Found what you're looking for?

  • Start learning 29% faster today
  • 150,000+ documents available
  • Just £6.99 a month

Not the one? Search for your essay title...
  • Join over 1.2 million students every month
  • Accelerate your learning by 29%
  • Unlimited access from just £6.99 per month

See related essaysSee related essays

Related GCSE Height and Weight of Pupils and other Mayfield High School investigations essays

  1. the representation of women in Greek tragedies

    Yet, it is impossible to separate Medea's actions from the limitations placed upon her by a chauvinistic society. Medea's opening speech to the Chorus eloquently emphasizes the injustices that befell women in ancient Greece. While Athens was the birthplace of democracy, Euripides shows that this was a privilege reserved only for wealthy adult males.

  2. An eating disorder is a serious disruption of a persons eating habits, it some ...

    30 females aged between 18 and 25were assigned to an individual with bulimia or a control group on the basis of questionnaires and interviews. Then they were all tested in a laboratory. They listened to two descriptions, one was of a neutral scene, (sitting in a library)

  1. Video Games are profoundly sexist, and largely reflect a dominant ideology, which reinforces unequal ...

    She has a disproportionate body -- with enormous breasts and a tiny waist. In reality she shouldn't be able to move that easily in shorts that tight. She is also easily manipulated and there are issues that, because of this easy manipulation, it makes them feel more dominate.

  2. Investigation on the shape and size of limpets on a sheltered rocky shore called ...

    The greatest height/base ratio at 3m was 0.65, and the lowest ratio was 0.25. Furthermore the greatest height/base ratios were at the vertical height of 6m from chart datum, at this point the greatest ratio was 1.38, and the lowest ratio was 0.44.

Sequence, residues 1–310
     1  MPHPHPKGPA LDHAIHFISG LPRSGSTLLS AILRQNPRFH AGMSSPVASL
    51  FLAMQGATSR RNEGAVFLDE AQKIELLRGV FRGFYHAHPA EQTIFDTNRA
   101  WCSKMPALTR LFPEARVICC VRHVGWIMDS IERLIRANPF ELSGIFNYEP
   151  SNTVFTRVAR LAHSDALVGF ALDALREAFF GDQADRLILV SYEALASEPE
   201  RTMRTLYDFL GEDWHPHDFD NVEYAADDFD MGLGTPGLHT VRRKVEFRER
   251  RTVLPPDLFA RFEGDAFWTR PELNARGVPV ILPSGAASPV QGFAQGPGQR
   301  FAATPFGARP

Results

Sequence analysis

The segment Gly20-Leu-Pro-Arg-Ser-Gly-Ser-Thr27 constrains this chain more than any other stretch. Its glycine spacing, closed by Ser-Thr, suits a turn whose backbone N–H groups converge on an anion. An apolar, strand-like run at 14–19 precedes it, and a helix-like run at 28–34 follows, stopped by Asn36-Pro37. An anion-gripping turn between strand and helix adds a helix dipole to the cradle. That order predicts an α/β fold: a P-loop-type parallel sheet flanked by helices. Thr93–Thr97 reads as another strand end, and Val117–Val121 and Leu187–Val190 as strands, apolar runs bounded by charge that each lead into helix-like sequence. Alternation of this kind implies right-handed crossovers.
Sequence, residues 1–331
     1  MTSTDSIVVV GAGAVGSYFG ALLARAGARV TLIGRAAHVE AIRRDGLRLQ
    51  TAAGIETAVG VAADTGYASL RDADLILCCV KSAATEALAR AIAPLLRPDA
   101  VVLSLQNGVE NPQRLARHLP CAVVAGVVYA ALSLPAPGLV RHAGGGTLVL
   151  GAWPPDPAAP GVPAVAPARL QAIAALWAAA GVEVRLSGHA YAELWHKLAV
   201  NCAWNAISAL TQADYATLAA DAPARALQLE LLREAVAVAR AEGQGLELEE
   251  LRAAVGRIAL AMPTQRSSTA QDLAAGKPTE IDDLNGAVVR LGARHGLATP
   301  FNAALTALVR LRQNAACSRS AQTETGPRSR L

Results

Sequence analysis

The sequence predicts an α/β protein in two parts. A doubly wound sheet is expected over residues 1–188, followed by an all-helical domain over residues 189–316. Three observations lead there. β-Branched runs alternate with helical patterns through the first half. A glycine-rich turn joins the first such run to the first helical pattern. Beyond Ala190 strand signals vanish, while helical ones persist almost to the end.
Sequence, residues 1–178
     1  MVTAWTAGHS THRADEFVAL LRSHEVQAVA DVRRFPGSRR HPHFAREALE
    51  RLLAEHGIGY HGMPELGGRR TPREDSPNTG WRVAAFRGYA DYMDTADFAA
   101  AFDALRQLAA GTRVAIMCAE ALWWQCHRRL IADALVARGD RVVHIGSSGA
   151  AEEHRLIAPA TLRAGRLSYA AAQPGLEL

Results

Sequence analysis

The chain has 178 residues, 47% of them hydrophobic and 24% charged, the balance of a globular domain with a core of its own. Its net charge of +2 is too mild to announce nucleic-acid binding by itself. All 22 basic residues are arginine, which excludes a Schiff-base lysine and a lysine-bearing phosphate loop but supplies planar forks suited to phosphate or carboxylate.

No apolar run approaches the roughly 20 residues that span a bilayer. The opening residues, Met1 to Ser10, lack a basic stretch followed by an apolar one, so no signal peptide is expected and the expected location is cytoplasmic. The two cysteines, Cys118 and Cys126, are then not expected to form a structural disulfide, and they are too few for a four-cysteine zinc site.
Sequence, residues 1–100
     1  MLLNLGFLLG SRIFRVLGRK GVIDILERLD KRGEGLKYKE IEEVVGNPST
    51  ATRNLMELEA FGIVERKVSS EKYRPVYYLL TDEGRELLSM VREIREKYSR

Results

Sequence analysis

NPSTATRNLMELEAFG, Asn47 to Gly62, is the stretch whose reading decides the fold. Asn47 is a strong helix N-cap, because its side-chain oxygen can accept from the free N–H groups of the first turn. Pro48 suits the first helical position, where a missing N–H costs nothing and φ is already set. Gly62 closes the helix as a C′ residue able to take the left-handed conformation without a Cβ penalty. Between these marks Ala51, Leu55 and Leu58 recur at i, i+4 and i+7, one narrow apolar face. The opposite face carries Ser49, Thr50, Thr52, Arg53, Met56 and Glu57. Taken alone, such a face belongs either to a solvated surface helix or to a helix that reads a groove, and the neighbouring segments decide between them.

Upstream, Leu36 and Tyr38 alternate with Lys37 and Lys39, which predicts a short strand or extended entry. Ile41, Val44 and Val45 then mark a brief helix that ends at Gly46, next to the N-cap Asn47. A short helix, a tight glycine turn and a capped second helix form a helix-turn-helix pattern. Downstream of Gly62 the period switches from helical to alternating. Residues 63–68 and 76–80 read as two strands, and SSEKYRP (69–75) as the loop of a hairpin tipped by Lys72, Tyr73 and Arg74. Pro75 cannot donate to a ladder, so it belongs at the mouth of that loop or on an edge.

1. the representation of women in the Greek tragedies

    It is Medea's subordinate and disempowered status in this society, not only as a woman but also as foreign women that leads her to proclaim "we women are the most unfortunate." Euripides's presents a woman who was so consumed with passion for her husband that she willingly abandoned her own family and home to live in foreign land.

  2. Find out whether the 'new man' exists and if the gender roles are equally ...

    However, roles are much more equal in both decorating and gardening. Attitudes to household chores, 2000-01, United Kingdom, Percentages METHODOLOGY I am going to use many different research methods to gain a result for my hypothesis. I will carry out an Participant Observation which will enable me to understand the

  1. Contrast and compare the two central protagonists in the poems 'Knife Play' and 'The ...

    The tonal shift then brings feelings of retaliation, in doing so war imagery is used as for the protagonist it has now become a war and no longer one way attacking towards her. "These knives that bristle in my flesh Increase my armoury and lessen yours."

  2. What is masculinity?

    Luckily, not all women cut their hair short and changed their sexual preference to spite the male population, but they did take some bite out of the male's bark. Fast-forward to modern day, and masculinity is holding on, albeit in a much reduced state.

  • Over 160,000 pieces
    of student written work
  • Annotated by
    experienced teachers
  • Ideas and feedback to
    improve your own work